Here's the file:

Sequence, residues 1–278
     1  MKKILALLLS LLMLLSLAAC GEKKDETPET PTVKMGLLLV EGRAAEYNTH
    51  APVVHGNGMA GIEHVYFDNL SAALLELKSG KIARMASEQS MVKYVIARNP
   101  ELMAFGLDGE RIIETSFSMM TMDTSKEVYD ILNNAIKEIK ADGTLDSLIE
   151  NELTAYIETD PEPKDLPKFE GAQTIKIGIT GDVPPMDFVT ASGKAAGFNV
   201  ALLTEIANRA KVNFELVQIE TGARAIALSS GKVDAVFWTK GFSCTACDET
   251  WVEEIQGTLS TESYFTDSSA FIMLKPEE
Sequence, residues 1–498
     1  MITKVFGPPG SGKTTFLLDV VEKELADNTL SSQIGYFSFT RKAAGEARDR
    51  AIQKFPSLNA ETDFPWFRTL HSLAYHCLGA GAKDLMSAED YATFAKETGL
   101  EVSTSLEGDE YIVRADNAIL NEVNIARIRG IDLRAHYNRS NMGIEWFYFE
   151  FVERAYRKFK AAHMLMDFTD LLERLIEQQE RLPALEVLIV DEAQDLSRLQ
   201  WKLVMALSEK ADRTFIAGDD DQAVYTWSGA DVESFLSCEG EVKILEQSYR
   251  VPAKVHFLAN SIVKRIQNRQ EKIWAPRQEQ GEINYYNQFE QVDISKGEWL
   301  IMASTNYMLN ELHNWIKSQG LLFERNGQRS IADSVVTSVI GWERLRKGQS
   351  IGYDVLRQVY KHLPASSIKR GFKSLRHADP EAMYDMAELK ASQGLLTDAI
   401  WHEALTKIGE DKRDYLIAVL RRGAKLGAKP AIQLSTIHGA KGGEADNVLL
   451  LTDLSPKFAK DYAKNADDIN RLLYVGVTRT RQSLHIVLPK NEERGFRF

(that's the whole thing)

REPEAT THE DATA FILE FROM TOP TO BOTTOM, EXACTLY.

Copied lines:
Sequence, residues 1–278
     1  MKKILALLLS LLMLLSLAAC GEKKDETPET PTVKMGLLLV EGRAAEYNTH
    51  APVVHGNGMA GIEHVYFDNL SAALLELKSG KIARMASEQS MVKYVIARNP
   101  ELMAFGLDGE RIIETSFSMM TMDTSKEVYD ILNNAIKEIK ADGTLDSLIE
   151  NELTAYIETD PEPKDLPKFE GAQTIKIGIT GDVPPMDFVT ASGKAAGFNV
   201  ALLTEIANRA KVNFELVQIE TGARAIALSS GKVDAVFWTK GFSCTACDET
   251  WVEEIQGTLS TESYFTDSSA FIMLKPEE
Sequence, residues 1–498
     1  MITKVFGPPG SGKTTFLLDV VEKELADNTL SSQIGYFSFT RKAAGEARDR
    51  AIQKFPSLNA ETDFPWFRTL HSLAYHCLGA GAKDLMSAED YATFAKETGL
   101  EVSTSLEGDE YIVRADNAIL NEVNIARIRG IDLRAHYNRS NMGIEWFYFE
   151  FVERAYRKFK AAHMLMDFTD LLERLIEQQE RLPALEVLIV DEAQDLSRLQ
   201  WKLVMALSEK ADRTFIAGDD DQAVYTWSGA DVESFLSCEG EVKILEQSYR
   251  VPAKVHFLAN SIVKRIQNRQ EKIWAPRQEQ GEINYYNQFE QVDISKGEWL
   301  IMASTNYMLN ELHNWIKSQG LLFERNGQRS IADSVVTSVI GWERLRKGQS
   351  IGYDVLRQVY KHLPASSIKR GFKSLRHADP EAMYDMAELK ASQGLLTDAI
   401  WHEALTKIGE DKRDYLIAVL RRGAKLGAKP AIQLSTIHGA KGGEADNVLL
   451  LTDLSPKFAK DYAKNADDIN RLLYVGVTRT RQSLHIVLPK NEERGFRF